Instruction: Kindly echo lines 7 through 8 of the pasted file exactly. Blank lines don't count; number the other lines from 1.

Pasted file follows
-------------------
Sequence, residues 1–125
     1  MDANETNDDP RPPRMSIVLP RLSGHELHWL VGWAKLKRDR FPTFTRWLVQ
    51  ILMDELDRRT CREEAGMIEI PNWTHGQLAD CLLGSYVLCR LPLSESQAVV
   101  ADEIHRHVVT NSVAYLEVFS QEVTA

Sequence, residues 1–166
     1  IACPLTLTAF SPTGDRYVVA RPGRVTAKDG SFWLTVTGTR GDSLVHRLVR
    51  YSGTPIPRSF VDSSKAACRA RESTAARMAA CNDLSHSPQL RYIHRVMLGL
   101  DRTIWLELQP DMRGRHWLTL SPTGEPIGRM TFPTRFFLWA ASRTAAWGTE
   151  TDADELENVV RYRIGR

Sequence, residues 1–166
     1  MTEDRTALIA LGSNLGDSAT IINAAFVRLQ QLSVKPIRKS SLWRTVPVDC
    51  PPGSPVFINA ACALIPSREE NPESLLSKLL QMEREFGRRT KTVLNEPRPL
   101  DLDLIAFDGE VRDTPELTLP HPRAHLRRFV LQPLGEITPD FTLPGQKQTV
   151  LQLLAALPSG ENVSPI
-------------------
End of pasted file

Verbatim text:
    51  YSGTPIPRSF VDSSKAACRA RESTAARMAA CNDLSHSPQL RYIHRVMLGL
   101  DRTIWLELQP DMRGRHWLTL SPTGEPIGRM TFPTRFFLWA ASRTAAWGTE